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Physico-chemical separation process for fine-grained solids. Originally, it was mainly used in ore mining for the separation of ore from waste, non-ore bearing rock. In this process, the pale (more difficult to wet, lighter) rock or components are separated from the heavier ore containing rock. The deaf and lighter rocks rise to the surface and are skimmed off. Flotation agents are added to optimise the process. In the production of beer this has long been used to clarify the beverage from the wort (concentrate of water, malt and hops).

This flotation technique has now also been used for a relatively short time in winemaking for degumming, i.e. the removal of trub particles (grape skins and stalks etc.) from the grape must. Nitrogen or air is added to the must under pressure. When the pressure is released, tiny bubbles are formed to which the cloudy particles adhere and which float to the surface and can be removed. A distinction is made between continuous flotation (permanent skimming of the foam from the surface) and discontinuous flotation (respective draining of the clear must from below at short intervals of up to a maximum of two hours). Similar techniques used in viticulture are filtration and centrifugation.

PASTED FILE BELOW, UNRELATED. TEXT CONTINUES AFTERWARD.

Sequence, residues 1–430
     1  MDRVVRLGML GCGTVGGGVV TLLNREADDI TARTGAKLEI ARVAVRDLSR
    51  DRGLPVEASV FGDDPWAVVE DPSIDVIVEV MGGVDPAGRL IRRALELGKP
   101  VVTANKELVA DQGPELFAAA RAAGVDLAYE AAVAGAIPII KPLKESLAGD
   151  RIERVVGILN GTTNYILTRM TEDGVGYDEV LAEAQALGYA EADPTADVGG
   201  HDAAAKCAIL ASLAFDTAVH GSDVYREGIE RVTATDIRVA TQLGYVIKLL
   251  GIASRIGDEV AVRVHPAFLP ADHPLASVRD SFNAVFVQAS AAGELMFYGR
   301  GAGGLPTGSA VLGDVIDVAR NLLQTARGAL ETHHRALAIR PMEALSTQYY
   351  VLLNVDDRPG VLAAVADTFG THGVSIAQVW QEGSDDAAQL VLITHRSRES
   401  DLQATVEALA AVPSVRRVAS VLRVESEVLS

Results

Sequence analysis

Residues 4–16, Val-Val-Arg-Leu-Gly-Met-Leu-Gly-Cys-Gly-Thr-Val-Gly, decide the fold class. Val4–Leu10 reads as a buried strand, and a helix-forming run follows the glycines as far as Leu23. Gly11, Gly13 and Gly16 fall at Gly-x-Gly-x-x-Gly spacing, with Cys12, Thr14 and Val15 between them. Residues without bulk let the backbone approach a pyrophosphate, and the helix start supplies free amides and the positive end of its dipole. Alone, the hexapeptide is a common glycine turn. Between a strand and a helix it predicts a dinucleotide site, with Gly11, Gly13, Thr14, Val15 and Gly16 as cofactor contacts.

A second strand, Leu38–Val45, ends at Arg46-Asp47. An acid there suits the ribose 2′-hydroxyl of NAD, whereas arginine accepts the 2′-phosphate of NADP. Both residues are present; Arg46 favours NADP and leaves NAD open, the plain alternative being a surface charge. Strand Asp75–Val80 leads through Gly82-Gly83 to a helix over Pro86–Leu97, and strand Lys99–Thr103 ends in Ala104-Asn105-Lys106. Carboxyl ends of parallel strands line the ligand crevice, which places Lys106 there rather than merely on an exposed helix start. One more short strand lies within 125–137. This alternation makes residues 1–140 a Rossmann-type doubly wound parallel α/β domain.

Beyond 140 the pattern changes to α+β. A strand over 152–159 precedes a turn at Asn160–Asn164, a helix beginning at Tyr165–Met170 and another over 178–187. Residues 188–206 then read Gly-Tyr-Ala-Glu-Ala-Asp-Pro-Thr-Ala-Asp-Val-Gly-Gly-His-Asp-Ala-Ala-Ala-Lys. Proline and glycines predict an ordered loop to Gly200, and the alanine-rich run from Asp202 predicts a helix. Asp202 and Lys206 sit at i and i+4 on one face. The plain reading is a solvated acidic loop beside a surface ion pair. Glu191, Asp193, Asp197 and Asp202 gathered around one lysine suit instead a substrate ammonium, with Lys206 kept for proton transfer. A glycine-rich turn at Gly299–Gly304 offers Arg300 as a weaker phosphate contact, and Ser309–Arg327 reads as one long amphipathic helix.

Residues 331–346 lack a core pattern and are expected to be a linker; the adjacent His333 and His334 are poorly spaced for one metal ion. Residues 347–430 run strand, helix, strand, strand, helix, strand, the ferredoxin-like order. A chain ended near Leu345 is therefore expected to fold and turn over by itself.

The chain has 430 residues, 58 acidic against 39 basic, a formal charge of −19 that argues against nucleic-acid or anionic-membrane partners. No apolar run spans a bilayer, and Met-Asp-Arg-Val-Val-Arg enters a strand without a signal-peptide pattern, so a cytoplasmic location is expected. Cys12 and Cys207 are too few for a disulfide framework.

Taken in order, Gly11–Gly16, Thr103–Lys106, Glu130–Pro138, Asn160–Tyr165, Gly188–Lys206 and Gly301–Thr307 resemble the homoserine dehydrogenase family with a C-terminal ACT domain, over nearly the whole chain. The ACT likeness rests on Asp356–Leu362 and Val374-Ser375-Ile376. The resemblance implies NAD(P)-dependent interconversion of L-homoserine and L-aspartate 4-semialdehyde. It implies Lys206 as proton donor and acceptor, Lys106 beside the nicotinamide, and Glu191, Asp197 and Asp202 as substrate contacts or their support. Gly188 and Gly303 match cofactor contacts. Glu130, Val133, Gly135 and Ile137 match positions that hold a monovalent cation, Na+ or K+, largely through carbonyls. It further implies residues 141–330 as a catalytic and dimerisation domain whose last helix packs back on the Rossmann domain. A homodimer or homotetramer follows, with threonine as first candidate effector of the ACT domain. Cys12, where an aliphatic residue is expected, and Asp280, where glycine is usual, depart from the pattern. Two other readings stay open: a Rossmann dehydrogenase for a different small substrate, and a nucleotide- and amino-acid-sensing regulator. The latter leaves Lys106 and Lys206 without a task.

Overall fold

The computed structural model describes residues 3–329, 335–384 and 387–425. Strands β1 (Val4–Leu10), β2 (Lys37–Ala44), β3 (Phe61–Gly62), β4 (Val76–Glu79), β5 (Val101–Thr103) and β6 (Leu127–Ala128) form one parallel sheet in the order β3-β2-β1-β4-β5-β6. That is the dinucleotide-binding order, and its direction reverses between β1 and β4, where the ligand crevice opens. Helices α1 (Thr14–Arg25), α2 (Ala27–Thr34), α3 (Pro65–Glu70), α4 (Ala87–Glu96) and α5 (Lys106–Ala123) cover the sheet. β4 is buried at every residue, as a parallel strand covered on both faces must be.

Complete lists of the numerous vinification measures or cellar techniques, as well as the various types of wine, sparkling wine and distillate regulated by wine law are included under the keyword vinification. Comprehensive information on wine law can be found under the keyword wine law.

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